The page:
Monday, 20 December 2010

Another Rare Bird Alert!

The warm and sunny weather continued until Thursday but since then we have had some heavy rain and it has been mostly cloudy.

We had a couple of days covering the usual sites around Tavira and Santa Luzia where a big female Peregrine Falcon was the only unusual bird seen. We used what turned out to be the last of the sunshine to photograph a Bar-tailed Godwit and some Lesser Black-backed Gulls. It’s very easy here to photograph Black-tailed Godwits but Barwits, being mainly coastal, are almost always viewed against the light and are a different proposition. The same is true of Oystercatcher, Curlew and Knot. They do come on to the saltpans at high tide but only rarely do they roost where we can get near enough for a photograph with the sun on them. This one was unusually obliging, feeding only a short distance from the road.

Bar-tailed Godwit

Lesser Black-backed Gull

On Sunday, in spite of the dismal weather and the fact that it was a hunting day, we took a trip to the Castro Verde area. Hunting is allowed here on Thursdays, Sundays and Public Holidays but we do wonder sometimes whether the locals have calendars! Anyway, the amount of shooting that we saw and heard on this occasion wasn’t enough to spoil our day, although it may have been sufficient to explain why we didn’t manage to find a single Little Bustard. Who could blame them for keeping their heads down? Happily, we did see plenty of Great Bustards and Black-bellied Sandgrouse and a good selection of raptors that included an immature Spanish Imperial Eagle and, more surprisingly, a Merlin. Lapwings and Golden Plovers were in their hundreds.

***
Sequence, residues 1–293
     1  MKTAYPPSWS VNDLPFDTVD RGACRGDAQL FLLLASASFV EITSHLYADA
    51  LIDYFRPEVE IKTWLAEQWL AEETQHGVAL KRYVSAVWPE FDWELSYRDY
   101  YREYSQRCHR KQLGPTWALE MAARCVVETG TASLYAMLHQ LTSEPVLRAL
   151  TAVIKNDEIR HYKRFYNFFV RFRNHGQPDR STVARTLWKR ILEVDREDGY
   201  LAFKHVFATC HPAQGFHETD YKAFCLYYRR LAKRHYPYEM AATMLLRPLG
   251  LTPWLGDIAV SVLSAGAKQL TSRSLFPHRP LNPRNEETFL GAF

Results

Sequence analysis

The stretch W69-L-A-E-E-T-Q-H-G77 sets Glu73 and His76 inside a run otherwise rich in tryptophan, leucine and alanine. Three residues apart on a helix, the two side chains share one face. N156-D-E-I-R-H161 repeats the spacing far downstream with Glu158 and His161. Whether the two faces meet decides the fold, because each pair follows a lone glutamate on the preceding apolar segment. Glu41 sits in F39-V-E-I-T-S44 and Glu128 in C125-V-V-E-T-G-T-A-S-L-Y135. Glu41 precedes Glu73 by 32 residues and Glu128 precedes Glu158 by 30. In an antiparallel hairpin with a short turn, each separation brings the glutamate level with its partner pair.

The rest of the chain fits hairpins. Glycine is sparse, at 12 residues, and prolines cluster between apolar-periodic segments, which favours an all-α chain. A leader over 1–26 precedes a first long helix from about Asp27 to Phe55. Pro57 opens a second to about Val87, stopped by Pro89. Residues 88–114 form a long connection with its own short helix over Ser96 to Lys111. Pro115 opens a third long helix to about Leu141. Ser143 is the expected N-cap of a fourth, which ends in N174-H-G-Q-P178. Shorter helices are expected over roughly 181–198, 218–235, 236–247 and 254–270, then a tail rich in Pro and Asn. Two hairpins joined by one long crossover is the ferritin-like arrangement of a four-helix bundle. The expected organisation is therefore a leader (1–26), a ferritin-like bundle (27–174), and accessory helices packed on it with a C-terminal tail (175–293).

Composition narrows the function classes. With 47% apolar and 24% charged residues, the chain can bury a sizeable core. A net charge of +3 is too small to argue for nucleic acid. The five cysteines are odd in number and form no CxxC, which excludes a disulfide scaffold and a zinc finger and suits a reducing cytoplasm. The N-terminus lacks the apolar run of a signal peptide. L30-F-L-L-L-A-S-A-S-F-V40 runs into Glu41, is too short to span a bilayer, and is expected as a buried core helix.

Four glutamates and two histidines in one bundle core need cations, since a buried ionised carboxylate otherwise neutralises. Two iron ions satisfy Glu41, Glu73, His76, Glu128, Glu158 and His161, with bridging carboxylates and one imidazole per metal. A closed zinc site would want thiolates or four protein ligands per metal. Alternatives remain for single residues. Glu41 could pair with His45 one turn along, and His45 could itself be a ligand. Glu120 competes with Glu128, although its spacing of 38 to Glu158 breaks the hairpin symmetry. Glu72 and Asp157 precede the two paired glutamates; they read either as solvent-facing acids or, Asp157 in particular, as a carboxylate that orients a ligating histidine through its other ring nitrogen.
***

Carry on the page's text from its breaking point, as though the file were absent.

As we were driving back late in the afternoon we received a phone call from Thijs Valkenburg to tell us that he had just found a Long-billed Dowitcher on the saltpans at Olhão. There have been only a handful of records of this North American wader in Portugal and had we been at home we might have dropped everything and gone to look for it. As it was, we had no chance to get there in daylight.

So this morning at 10.30am we were at Olhão watching the Dowitcher. Even then it still didn’t seem like daylight but at least we got there before the rain started again. It almost goes without saying that we were on our own. There has been some discussion here recently about how we might improve the flow of news about rare and scarce birds and we support that. However, the fact is that there are still very few birders here and the record for the most people we have seen at a twitch in Portugal remains the 16 who came to Martinhal for the White-rumped Sandpiper in November last year. It seems likely to be a while before we are offered a Portuguese pager!

Long-billed Dowitcher

Long-billed Dowitcher

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